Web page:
Why Facebook’s Cambridge Analytica scandal makes me thrilled for the future of content marketing

by Ben Heiser, 21 May 2018

For most content marketers, social has been an incredible tool to promote content. But that doesn’t mean it’s been easy. Facebook’s dominance as a member of the duopoly meant that marketers were often responsible for reacting to snap changes on the platform and interpreting how their content would be judged by the almighty algorithm.

But with the recent Cambridge Analytica scandal, there are likely to be big changes at Facebook which will shift how marketers approach social content. And I see that’s going to be great.

Has Tech’s Ownership of Data Stymied Content?

I think, in a way, it has.

Big tech’s most valuable asset has always been its ability to leverage user data. Both Facebook (and Google) have wielded user data to dominate digital advertising and publishing—bringing most content creators under the yoke of their platform’s best practices.

That’s not to say that marketers haven’t benefited from more precise targeting and measurement capabilities. Anyone with a competent social program regards the Facebook pixel and GTM as all powerful, mystical tech wizardry that just makes campaigns work better.

But Facebook (and Google’s) monopoly on attention has forced marketers and content creators to play by their rules. Publishers were forced into pretzel-like contortions to get their stories out to users on Facebook—only to eventually be euthanized by the platform’s algorithm changes in January of 2018.

Companies like Little Things (who had an office a few floors down from where I worked) actually went out of business due to Facebook’s algorithm change.

The kicker, though, is that Facebook has always determined what content people were exposed to. Its algorithm played the role of judge, jury and executioner, which meant users weren’t in control of what they saw. And that was a problem.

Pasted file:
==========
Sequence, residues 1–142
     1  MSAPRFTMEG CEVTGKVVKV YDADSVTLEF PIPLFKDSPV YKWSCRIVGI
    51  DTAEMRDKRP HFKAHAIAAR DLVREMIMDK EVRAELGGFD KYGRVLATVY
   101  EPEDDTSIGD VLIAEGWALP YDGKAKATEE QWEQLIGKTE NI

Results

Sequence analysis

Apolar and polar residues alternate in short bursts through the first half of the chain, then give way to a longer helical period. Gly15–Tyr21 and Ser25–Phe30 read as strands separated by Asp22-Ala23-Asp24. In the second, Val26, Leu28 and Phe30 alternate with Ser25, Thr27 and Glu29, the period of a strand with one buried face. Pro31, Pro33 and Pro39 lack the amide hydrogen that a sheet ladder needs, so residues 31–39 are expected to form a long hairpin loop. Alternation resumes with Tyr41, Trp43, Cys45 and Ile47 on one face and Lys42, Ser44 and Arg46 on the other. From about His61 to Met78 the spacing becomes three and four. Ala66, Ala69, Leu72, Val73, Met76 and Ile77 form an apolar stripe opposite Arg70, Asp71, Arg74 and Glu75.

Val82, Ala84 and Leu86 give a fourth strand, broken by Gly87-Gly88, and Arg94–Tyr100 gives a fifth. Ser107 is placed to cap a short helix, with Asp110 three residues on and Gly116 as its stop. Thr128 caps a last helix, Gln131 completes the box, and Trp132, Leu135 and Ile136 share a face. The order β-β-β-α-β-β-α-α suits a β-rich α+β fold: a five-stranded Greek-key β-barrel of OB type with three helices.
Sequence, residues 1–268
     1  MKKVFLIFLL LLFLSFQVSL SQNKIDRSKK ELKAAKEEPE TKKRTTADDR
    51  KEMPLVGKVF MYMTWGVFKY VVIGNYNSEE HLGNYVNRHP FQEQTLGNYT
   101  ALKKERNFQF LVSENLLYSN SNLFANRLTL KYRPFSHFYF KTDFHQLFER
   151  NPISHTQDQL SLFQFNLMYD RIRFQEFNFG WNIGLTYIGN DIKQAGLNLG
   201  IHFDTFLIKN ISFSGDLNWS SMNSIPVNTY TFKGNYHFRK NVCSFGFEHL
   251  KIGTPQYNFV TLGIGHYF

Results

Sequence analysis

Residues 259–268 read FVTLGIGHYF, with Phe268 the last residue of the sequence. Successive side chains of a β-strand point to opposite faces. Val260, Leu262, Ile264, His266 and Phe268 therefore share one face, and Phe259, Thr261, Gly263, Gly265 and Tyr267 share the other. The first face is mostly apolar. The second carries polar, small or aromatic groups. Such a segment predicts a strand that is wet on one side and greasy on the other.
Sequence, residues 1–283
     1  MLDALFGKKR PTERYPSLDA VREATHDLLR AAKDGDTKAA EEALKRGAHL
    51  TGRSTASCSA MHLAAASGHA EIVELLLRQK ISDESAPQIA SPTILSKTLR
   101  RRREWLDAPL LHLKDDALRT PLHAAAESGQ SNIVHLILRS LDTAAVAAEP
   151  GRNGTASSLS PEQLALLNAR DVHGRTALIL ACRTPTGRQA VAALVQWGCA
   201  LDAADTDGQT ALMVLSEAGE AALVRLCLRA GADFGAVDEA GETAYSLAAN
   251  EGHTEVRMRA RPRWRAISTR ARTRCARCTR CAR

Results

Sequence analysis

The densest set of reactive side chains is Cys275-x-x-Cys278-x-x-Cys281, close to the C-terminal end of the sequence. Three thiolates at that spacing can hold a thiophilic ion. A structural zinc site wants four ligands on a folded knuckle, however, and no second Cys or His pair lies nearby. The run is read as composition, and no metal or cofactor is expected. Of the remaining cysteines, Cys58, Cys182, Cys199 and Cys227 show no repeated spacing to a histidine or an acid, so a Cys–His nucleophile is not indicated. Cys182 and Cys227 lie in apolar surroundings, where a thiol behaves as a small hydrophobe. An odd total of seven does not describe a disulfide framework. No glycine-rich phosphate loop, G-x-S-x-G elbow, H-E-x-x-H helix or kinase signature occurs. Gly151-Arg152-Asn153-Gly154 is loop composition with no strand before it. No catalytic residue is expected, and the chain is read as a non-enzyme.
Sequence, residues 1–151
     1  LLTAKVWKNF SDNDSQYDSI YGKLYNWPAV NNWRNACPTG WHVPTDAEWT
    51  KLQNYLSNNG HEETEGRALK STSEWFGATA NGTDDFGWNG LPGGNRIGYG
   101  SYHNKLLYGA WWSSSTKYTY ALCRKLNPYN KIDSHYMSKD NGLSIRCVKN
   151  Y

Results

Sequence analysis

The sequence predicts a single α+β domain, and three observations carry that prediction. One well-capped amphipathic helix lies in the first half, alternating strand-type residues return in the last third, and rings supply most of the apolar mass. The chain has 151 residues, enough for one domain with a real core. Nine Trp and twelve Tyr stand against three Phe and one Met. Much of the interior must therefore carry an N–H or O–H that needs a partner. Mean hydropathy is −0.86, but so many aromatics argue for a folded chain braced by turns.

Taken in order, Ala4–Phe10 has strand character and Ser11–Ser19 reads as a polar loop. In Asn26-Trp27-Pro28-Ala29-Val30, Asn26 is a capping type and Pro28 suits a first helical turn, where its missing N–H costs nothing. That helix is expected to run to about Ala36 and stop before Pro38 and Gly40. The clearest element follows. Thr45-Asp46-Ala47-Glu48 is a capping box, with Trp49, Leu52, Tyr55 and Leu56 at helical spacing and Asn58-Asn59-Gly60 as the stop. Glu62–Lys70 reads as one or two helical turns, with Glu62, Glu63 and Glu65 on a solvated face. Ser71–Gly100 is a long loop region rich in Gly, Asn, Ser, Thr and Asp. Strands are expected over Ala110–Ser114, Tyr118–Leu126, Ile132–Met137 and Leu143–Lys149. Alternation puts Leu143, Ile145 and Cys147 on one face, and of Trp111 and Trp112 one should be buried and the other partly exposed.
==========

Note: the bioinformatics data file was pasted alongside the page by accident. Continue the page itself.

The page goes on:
Facebook’s Abuse of Content and Data has Slowly Eroded Trust

In 2010, an haunting IM conversation between Mark Zuckerburg and a Silicon Valley Insider was leaked to the public. It was the first of many small moments where Facebook’s policy on customer data would start to eat away at the public’s trust:

ZUCK: yea so if you ever need info about anyone at harvard
ZUCK: just ask
ZUCK: i have over 4000 emails, pictures, addresses, sns
FRIEND: what!? how'd you manage that one?
ZUCK: people just submitted it
ZUCK: i don't know why
ZUCK: they "trust me"
ZUCK: dumb fucks

Then in 2014, it was revealed that Facebook ran a study on half a million users to see if a manipulated news feed could affect people’s emotions. Turns out, it did and people were pissed.

But the turning point for Facebook had yet to come.

Facebook’s Involvement in the 2016 Election was The Turning Point

The 2016 election served as the first indicator that Facebook had an overwhelmingly powerful impact on what people saw and we learned first-hand how that affected their world view. This demonstrated that not only were newsfeeds becoming stale, but that content was being suppressed by the algorithms.